Net assets applicable to common shares, end of year (000’s omitted)

$385,295

$580,590

$519,465

$606,408

$622,241

Ratios (as a percentage of average daily net assets applicable to common shares):†

 

 

 

 

 

Expenses excluding interest and fees

1.25%

1.33%

1.26%

1.28%

1.28%

Interest and fee expense(5)

0.92%

0.91%

1.79%

2.00%

1.52%

Total expenses

2.17%

2.24%

3.05%

3.28%

2.80%

Net investment income

4.91%

5.08%

5.85%

5.49%

5.09%

Portfolio Turnover

53%

32%

34%

24%

34%

Senior Securities:

 

 

 

 

 

Total notes payable outstanding (in 000’s)

$147,000

$250,000

$190,000

$248,000

$254,000

Asset coverage per $1,000 of notes payable(6)

$4,165

$3,642

$4,155

$3,768

$3,765

Total preferred shares outstanding

800

800

800

800

800

Asset coverage per preferred share(7)

$269,734

$275,936

$292,394

$284,880

$286,300

Involuntary liquidation preference per preferred share(8)

$100,000

$100,000

$100,000

$100,000

$100,000

Approximate market value per preferred share(8)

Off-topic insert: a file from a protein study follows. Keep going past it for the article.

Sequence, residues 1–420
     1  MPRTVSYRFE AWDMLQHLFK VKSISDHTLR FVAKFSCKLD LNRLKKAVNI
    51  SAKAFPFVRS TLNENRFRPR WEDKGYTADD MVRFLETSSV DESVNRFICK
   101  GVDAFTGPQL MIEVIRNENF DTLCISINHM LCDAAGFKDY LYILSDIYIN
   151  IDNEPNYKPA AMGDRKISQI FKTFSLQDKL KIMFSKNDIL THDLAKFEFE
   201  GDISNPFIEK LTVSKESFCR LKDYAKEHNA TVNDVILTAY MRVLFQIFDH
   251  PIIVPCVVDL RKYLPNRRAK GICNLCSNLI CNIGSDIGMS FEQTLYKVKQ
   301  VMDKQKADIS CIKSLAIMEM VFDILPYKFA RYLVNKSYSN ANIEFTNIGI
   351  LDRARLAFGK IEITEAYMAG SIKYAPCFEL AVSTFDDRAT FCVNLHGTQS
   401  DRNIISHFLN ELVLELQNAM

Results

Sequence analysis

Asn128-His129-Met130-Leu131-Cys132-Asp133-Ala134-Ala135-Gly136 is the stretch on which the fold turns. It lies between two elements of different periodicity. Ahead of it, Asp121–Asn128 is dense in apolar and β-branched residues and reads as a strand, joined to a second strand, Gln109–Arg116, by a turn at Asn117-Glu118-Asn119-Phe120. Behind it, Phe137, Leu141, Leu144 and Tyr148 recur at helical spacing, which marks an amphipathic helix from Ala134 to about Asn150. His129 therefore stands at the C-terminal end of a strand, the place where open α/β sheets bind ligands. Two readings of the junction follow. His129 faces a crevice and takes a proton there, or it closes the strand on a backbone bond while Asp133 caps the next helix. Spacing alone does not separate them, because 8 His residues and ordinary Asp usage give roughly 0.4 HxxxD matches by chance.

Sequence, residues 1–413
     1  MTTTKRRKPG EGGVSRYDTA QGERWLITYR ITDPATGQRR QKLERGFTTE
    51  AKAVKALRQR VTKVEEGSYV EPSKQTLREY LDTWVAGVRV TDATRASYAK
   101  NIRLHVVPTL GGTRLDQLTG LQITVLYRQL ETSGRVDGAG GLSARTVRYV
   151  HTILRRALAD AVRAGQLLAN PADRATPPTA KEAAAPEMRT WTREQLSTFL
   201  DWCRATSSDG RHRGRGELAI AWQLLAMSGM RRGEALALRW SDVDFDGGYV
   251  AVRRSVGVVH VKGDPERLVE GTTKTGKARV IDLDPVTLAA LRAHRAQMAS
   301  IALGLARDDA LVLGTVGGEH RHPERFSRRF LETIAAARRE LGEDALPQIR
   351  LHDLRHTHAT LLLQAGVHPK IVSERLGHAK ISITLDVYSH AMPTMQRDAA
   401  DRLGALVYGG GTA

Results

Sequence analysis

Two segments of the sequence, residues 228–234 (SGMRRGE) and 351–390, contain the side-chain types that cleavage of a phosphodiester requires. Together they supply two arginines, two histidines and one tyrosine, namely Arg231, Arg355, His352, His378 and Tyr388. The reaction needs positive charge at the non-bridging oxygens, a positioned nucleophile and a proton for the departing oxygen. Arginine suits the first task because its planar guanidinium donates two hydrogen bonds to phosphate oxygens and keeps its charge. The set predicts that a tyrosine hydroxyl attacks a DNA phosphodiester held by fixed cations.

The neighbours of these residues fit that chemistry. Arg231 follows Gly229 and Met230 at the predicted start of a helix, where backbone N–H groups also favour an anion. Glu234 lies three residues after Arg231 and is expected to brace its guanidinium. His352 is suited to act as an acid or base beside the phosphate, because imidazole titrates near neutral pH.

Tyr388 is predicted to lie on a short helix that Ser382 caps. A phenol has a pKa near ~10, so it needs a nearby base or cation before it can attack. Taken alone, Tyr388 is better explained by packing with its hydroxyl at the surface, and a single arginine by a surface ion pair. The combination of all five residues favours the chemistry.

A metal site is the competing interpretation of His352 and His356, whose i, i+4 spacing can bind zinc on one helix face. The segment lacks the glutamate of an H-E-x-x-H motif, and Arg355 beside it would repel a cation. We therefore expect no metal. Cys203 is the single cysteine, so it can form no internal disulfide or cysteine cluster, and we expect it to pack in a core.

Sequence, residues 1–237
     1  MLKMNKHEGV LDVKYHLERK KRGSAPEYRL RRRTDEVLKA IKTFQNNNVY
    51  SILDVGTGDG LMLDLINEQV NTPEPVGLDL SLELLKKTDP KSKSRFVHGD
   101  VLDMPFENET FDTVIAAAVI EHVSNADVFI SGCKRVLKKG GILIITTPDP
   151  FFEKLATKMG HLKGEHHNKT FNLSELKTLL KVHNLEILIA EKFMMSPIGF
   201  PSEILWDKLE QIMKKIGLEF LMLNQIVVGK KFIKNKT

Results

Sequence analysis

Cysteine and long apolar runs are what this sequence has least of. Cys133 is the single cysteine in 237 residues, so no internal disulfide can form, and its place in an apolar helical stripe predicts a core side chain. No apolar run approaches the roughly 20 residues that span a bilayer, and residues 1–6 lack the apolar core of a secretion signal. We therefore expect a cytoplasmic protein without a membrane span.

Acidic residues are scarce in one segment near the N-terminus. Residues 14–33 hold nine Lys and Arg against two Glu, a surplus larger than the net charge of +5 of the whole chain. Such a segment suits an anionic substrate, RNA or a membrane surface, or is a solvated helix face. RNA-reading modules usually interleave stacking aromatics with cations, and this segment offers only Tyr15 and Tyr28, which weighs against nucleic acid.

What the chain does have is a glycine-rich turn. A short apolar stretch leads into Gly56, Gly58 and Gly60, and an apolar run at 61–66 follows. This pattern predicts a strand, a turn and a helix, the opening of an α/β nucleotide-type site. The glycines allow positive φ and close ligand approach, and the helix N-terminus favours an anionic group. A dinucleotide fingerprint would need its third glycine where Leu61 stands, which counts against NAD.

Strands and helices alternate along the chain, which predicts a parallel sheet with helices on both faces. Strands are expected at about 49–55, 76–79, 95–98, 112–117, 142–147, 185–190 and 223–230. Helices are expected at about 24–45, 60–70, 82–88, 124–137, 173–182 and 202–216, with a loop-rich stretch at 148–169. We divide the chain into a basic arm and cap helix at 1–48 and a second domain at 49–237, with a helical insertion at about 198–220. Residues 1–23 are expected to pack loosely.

$100,000

$100,000

$100,000

$100,000

$100,000

(See related footnotes.)


Eaton Vance Floating-Rate Income Trust19Prospectus dated [___], 2022 



Financial Highlights (continued)

 

Year Ended May 31,

2017

2016

2015

2014

2013

Net asset value – Beginning of year (Common shares)

$14.680

$15.640

$16.080

$16.300

$15.510

Income (Loss) From Operations

 

 

 

 

 

Net investment income(1)

$0.864

$0.908

$0.882

$0.889

$1.058

Net realized and unrealized gain (loss)

0.899

(0.964)

(0.431)

(0.145)

0.707

Distributions to APS shareholders –

From net investment income(1)

(0.024)

Discount on redemption and repurchase of APS(1)

0.036

Total income (loss) from operations

$1.763

$(0.056)

$0.451

$0.744

$1.777